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Multiple episodes of fast exhumation since Cretaceous in southeast Tibet, revealed by low-temperature thermochronology

Liu-Zeng, J. ; Zhang, J. ; McPhillips, D. ; Reiners, P. ; Wang, W. ; Pik, R. ; Zeng, L. ; Hoke, G. ; Xie, K. ; Xiao, P. ; Zheng, D. ; Ge, Y., EPSL

Multiple episodes of fast exhumation since Cretaceous in southeast Tibet, revealed by low-temperature thermochronology

Liu-Zeng, J. ; Zhang, J. ; McPhillips, D. ; Reiners, P. ; Wang, W. ; Pik, R. ; Zeng, L. ; Hoke, G. ; Xie, K. ; Xiao, P. ; Zheng, D. ; Ge, Y.

Earth and Planetary Science Letters, 2018, 490,62-76

Abstract

The southeast margin of the Tibetan plateau is characterized by deeply incised river valleys separated by a perched low relief landscape that gently descends from the high Tibetan plateau towards the southeast. When and how this unique landscape formed is debated. The onset of increased river incision is often interpreted as a proxy for the timing of surface uplift. Here, apatite and zircon (U–Th)/He and apatite fission track thermochronometries are employed to map the spatial and temporal pattern of exhumation in the region. Vertical profiles of granitic rocks were collected near Deqin (∼28.5°N) and Weixi (∼27.5°N). The two transects share a similar exhumation history, with two episodes of relatively fast exhumation (∼100–300 m/Myr) in the Cenozoic : during the Paleocene to Eocene (60–40 Ma) and Miocene to present (20–0 Ma), separated by an intervening period of slow exhumation. A pulse of moderate to high exhumation (70–300 m/Myr) during the mid- to late-Cretaceous (120–80 Ma) is also present in the data. However, the rate and total amount of exhumation near Deqin is larger than at Weixi and is especially pronounced in the interval between 20 Ma to present. We interpret this difference as possibly related to differences in erosion rates between the Lancang (Deqin) and the Jinsha (Weixi) rivers. The Paleocene to Eocene episode of fast exhumation is likely in response to early Cenozoic deformation along tectonic boundary structures, related to the transpressional collision of the Indian plate with this region. Pre-Miocene episodes of fast exhumation corroborate recent paleoaltimetric studies, which show that the southeast margin of the Tibetan plateau was elevated prior to the Oligocene.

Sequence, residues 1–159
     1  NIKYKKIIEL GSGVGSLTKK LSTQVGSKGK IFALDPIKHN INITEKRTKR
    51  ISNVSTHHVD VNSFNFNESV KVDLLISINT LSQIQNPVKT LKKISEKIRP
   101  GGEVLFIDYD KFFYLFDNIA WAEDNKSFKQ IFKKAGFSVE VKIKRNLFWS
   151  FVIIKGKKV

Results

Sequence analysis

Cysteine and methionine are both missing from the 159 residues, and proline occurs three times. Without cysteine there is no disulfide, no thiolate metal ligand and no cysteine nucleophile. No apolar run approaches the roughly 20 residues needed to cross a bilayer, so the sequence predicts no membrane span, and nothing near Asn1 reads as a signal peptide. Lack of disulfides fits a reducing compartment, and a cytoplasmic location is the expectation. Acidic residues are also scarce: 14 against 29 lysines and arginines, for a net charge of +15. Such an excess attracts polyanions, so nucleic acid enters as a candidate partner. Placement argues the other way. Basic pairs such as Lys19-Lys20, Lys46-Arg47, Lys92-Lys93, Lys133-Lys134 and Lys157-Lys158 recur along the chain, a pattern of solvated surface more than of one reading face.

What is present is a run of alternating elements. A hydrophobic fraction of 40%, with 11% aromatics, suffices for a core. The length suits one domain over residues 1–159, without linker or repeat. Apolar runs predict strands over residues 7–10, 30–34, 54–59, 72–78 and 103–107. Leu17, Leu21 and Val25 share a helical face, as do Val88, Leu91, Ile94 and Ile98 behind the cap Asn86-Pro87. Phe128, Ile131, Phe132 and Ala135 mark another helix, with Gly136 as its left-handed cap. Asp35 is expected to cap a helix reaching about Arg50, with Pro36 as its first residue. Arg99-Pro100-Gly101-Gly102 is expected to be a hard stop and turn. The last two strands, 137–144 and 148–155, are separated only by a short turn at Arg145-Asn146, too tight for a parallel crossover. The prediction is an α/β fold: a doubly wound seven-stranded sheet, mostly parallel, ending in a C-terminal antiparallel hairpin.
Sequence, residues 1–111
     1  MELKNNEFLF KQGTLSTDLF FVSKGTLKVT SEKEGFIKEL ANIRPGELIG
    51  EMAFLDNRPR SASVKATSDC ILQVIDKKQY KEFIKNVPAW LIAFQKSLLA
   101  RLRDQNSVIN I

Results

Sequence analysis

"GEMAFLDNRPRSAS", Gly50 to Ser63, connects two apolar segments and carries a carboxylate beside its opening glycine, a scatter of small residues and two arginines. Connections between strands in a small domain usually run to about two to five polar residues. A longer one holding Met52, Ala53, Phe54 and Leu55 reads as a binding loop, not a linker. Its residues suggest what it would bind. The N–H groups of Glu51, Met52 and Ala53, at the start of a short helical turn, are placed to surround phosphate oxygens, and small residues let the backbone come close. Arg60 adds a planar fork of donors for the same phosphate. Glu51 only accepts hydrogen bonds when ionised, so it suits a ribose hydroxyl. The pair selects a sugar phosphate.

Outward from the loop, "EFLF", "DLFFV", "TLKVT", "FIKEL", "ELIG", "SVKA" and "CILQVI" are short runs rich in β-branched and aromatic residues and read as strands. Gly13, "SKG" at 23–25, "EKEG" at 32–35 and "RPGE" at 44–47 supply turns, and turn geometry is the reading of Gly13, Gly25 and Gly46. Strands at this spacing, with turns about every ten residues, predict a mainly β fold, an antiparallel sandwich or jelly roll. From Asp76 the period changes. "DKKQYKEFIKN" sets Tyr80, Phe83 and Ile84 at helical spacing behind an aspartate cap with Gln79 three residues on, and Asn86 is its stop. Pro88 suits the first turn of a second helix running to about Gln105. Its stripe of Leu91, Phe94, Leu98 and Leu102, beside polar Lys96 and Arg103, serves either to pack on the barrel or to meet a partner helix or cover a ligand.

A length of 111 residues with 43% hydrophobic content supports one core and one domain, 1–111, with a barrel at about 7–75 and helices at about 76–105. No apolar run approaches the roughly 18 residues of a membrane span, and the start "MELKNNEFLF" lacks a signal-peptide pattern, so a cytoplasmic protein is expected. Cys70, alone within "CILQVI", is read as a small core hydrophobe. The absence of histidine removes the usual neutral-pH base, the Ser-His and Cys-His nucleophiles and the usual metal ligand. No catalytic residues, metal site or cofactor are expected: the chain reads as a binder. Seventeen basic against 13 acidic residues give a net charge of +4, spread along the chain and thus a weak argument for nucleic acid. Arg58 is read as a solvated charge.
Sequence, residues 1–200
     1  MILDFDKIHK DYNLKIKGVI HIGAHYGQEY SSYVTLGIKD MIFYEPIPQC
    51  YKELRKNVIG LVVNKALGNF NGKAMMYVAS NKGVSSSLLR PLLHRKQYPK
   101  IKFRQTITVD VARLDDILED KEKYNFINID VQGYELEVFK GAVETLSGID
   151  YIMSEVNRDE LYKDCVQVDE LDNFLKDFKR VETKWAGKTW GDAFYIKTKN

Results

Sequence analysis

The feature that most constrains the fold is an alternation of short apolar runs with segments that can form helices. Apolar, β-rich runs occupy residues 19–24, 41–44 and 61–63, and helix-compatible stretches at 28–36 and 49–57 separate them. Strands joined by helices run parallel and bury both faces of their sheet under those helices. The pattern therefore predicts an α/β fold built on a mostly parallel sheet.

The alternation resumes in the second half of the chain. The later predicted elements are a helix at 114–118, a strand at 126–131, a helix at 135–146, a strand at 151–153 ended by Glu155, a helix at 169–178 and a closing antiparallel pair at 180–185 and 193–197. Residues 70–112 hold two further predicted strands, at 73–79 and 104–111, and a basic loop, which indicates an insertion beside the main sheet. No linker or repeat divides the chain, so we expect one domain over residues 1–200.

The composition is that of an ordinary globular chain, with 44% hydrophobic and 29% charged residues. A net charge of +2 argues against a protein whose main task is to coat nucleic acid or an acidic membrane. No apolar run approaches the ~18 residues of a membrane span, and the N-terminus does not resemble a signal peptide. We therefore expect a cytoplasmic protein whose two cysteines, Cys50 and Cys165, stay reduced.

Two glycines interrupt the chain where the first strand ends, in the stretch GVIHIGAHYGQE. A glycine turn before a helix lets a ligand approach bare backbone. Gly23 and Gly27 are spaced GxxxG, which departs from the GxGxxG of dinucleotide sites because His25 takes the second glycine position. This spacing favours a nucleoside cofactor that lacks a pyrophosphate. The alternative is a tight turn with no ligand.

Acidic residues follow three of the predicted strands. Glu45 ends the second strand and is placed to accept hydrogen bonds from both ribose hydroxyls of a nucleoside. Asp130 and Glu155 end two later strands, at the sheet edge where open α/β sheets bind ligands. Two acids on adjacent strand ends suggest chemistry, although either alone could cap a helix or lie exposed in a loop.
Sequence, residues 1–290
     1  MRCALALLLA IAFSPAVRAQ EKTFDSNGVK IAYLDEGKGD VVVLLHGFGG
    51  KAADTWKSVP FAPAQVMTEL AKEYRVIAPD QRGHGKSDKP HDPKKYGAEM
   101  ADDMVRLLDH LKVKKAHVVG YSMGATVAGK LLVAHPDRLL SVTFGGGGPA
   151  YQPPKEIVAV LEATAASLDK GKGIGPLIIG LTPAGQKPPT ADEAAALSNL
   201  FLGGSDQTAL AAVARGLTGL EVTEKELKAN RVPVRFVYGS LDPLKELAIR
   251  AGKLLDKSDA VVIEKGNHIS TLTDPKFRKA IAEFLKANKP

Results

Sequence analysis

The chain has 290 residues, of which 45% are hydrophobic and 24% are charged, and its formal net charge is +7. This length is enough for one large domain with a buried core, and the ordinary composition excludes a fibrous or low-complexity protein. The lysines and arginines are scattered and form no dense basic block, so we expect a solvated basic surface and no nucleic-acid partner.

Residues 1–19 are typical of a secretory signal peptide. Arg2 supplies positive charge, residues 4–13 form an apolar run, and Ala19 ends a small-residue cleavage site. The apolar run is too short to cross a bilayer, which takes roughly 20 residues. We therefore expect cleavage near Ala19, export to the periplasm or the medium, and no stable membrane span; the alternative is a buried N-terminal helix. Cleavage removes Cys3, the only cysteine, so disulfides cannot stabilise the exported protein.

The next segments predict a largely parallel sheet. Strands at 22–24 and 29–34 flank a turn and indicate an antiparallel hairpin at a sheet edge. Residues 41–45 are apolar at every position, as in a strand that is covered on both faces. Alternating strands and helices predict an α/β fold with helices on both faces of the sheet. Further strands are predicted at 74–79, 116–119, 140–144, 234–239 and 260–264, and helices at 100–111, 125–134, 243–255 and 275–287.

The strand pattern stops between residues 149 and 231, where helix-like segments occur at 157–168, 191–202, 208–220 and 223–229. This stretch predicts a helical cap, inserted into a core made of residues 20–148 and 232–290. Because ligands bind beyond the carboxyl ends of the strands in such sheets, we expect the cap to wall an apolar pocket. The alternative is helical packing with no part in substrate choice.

Voir en ligne : https://doi.org/10.1016/j.epsl.2018...




publié lundi 3 décembre 2018